Mr. Paes’s real estate frenzy has drawn comparisons to the vision of Francisco Pereira Passos, the mayor who ripped apart swaths of Rio at the start of the 20th century to put in Beaux-Arts buildings and boulevards inspired by Paris.
But Mr. Paes insisted that the Pereira Passos era was different because it largely involved attempts to Europeanize coveted areas of Rio. “My projects aren’t in the most noble areas,” he said, contending that the exclusive beachfront districts are mostly absent from his plans.
The bonanza for developers and construction companies is accentuating tension on Rio’s streets, with the huge demonstrations over rising transportation fares and unsatisfactory public services in 2013 evolving into a steady drip of smaller but violent confrontations between protesters and the police.
Some of the animosity is related to efforts by officials to assert control over some of Rio’s favelas, or slums, with new protests erupting over killings of favela residents by the police. Armed gangs in some favelas have aggressively countered police forces in recent weeks, pointing to the erosion of gains made in lowering crime rates.
Mr. Paes argues that certain developments are beyond his control. Responsibility over the police rests with the governor of Rio de Janeiro State, Sérgio Cabral, who may be the only elected official in Rio to have attracted more ire from protesters than Mr. Paes.
Indeed, Mr. Paes seems more admired abroad than at home. At a summit meeting in South Africa in February, he succeeded Michael R. Bloomberg, New York’s former mayor, as the leader of the C40, a network of cities seeking to reduce greenhouse gas emissions.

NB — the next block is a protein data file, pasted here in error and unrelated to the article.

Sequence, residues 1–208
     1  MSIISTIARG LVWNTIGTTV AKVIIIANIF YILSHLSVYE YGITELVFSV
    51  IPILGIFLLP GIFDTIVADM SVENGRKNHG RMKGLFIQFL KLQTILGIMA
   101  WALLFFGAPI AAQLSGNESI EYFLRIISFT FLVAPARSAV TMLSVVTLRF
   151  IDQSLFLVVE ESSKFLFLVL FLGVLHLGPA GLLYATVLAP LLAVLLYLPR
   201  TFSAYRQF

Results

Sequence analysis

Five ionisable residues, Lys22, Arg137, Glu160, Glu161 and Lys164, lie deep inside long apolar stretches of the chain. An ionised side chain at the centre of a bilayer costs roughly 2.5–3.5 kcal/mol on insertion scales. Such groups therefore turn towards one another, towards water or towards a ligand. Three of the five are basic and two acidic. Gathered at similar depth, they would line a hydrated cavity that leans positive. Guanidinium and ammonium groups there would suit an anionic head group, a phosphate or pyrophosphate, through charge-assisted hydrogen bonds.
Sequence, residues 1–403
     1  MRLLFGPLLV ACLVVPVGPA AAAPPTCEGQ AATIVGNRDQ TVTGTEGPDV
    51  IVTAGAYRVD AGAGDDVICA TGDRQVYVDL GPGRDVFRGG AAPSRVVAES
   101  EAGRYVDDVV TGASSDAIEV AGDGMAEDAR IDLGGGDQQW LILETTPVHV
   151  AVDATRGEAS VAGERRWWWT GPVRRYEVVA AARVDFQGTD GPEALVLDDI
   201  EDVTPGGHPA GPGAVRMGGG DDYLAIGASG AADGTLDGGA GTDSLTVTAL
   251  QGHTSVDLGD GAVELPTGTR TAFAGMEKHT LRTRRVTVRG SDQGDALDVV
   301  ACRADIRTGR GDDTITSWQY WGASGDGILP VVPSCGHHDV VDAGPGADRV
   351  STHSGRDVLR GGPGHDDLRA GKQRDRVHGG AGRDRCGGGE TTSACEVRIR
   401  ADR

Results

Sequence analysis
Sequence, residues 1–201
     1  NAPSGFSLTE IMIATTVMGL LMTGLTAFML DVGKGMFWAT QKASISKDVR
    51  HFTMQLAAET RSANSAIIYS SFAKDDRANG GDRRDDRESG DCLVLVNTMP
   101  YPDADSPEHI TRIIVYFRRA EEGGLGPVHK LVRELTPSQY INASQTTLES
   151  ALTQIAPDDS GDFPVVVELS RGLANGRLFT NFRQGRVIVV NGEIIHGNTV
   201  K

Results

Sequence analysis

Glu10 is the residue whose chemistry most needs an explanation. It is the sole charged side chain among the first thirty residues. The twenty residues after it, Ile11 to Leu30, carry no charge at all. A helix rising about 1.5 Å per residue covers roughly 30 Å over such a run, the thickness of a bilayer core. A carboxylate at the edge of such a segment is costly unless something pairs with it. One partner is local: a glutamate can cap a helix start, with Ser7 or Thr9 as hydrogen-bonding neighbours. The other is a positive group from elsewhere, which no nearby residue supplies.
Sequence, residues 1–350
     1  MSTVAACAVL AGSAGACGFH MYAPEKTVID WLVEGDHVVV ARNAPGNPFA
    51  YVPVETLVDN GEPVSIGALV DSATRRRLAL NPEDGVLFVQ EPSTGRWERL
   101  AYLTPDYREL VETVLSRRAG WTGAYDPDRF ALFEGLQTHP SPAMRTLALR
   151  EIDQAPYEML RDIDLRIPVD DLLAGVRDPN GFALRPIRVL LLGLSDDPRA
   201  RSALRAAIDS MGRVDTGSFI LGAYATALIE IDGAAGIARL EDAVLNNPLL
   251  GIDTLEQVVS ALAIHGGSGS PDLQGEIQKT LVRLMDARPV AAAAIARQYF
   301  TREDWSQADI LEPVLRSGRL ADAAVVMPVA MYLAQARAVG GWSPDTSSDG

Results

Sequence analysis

WHEN in Rio, Mr. Paes insists he is having the time of his life as mayor. He says that he appreciates the vibrancy of Brazil’s democracy and that he still enjoys drinking draft beer at Rio’s botecos, the street dives that are an elemental part of the city’s social fabric. He clearly revels in the perks of his job.
He said Gracie Mansion had nothing on his home, comparing the residence of New York’s mayor to Gávea Pequena, the luxurious palace, replete with tropical gardens and, at least during a stretch in 2013, protesters camped at the entrance, where Mr. Paes lives with his wife and two children.
Mr. Paes argued that the disillusionment with Rio’s political class was generalized and not necessarily directed just at him. Some of Rio’s residents, including those who have grown accustomed to hearing that the city’s time to shine has finally arrived, agree.
“I have nothing against him,” said Gilmar Mello, 47, who owns a small store selling motorcycle gear in Favela do Metrô. His business sits next to a pile of rubble after recent evictions and demolitions in the slum, not far from the refurbished Maracanã soccer stadium. “Everyone who gets into the mayor’s office will do the same thing.”